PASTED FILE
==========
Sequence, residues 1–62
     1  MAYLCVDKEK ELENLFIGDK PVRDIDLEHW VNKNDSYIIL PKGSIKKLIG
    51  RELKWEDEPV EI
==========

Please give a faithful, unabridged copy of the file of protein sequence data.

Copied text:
Sequence, residues 1–62
     1  MAYLCVDKEK ELENLFIGDK PVRDIDLEHW VNKNDSYIIL PKGSIKKLIG
    51  RELKWEDEPV EI